Cruz quickly pointed out on Twitter Tuesday night that he is not tied to the ad: "Pic of your wife not from us. Donald, if you try to attack Heidi, you're more of a coward than I thought. #classless." Trump responded on Twitter on Wednesday morning: "Lyin' Ted Cruz denied that he had anything to do with the G.Q. model photo post of Melania. That's why we call him Lyin' Ted!" Later in the morning, top Trump adviser Stephen Miller said in an interview on CNN that Cruz should "tell his super PACs to stand down."

Trump defends these sorts of attacks by saying that he's simply defending himself and implying that it's the fault of his rivals for putting their loved ones in a position to be attacked: Clinton accused him of sexism, so he went after her husband for being sexist. Barbara Bush made a veiled attack at him in a video, so he used her to mock her son. Melania Trump's modeling photo was used to encourage Utah voters to pick Cruz, so he threatened to share unflattering information about Cruz's wife.

Often these attacks are vague and open-ended, but they signal to Trump's supporters that they should feel free to launch their own attacks. After Trump threatened to "spill the beans" on Heidi Cruz on Tuesday night, Twitter filled with speculation about what those beans might be. There were links to a heavily redacted 2005 Austin Police Department report detailing an officer finding Heidi Cruz next to an expressway and deciding she was a "danger to herself," along with links to articles about her Wall Street career and a slew of unflattering hashtags.

The power of this social media barrage is not to be underestimated and is well recognized by the Trump campaign. As Trump tried to get Megyn Kelly booted from a debate in late January, which he eventually skipped, Fox News put out a statement saying that Trump's campaign manager said in a phone call with a Fox News executive "that Megyn had a ‘rough couple of days after that last debate’ and he ‘would hate to have her go through that again.' "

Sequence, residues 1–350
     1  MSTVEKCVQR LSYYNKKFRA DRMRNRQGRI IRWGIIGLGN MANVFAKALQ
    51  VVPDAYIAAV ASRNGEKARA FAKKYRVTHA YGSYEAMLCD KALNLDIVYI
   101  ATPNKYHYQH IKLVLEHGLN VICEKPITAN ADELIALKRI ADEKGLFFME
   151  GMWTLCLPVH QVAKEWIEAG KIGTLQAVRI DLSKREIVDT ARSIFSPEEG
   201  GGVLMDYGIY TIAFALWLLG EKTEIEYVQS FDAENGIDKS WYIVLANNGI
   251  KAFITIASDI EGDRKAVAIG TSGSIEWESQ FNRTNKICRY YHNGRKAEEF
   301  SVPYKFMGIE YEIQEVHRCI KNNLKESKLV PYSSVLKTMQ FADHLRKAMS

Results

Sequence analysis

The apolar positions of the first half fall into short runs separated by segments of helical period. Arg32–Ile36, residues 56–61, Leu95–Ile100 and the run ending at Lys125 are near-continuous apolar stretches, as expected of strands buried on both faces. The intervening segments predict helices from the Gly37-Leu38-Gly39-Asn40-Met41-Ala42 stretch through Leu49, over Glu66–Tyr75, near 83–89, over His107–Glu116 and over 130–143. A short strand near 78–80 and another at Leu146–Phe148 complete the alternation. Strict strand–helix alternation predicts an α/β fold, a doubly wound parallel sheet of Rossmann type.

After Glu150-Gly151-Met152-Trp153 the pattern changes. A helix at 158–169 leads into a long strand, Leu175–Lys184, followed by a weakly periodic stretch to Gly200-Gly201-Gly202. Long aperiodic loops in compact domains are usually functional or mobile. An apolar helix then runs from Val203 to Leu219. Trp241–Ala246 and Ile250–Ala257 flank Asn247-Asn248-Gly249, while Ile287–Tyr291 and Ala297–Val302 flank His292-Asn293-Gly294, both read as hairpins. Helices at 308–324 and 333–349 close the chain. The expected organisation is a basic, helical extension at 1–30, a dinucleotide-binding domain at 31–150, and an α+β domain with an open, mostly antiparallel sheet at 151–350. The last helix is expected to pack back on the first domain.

Late Tuesday night, former Trump campaign adviser Roger Stone tweeted: "Melania HOT, Heidi NOT."

Stone, who remains a confidant to Trump, included a link in the tweet to a column he wrote for the Daily Caller last week that accused the Cruzes of having "a sometimes troubled relationship" and accused the presidential candidate's parents of having a "troubled marriage ... plagued by alcohol and infidelity." The column detailed the incident in Austin and noted that Heidi Cruz is receiving help from her mother-in-law and a live-in nanny in caring for her children.

Cruz was on the "Today" show on Wednesday morning and defended his wife against the attack Trump had technically not yet launched, calling him "a bully." Heidi Cruz then addressed the situation herself during a campaign stop in Wisconsin, saying that the photo of Melania Trump that sparked the Twitter war the night before was not circulated by her husband's campaign.

“In no way, shape, or form were we related to it," Heidi Cruz told a small group of reporters at the campaign's office in Waukesha. "And we are really excited today about the incredible results from yesterday.”

As Cruz tried to nudge the conversation to the campaign’s strategy and win record, reporters kept asking about the tweet.

How did she feel when she saw it? “You know, as I said, you probably know by now that most of the things Donald Trump says have no basis in reality,” she said.

What message did she think the tweet sent to the women of Wisconsin? “What I think most women want is a better future for their children,” she responded.

Did she think that candidates' spouses should be off limits? “Like I said, we have run our campaign on the principles that Ted and I believe in,” Cruz said. “And a lot of the things that are done from time to time are not from our campaign. So I want you to focus on what our campaign puts out, a positive, hopeful, optimistic agenda for this country.”

David Weigel and Philip Rucker contributed to this report.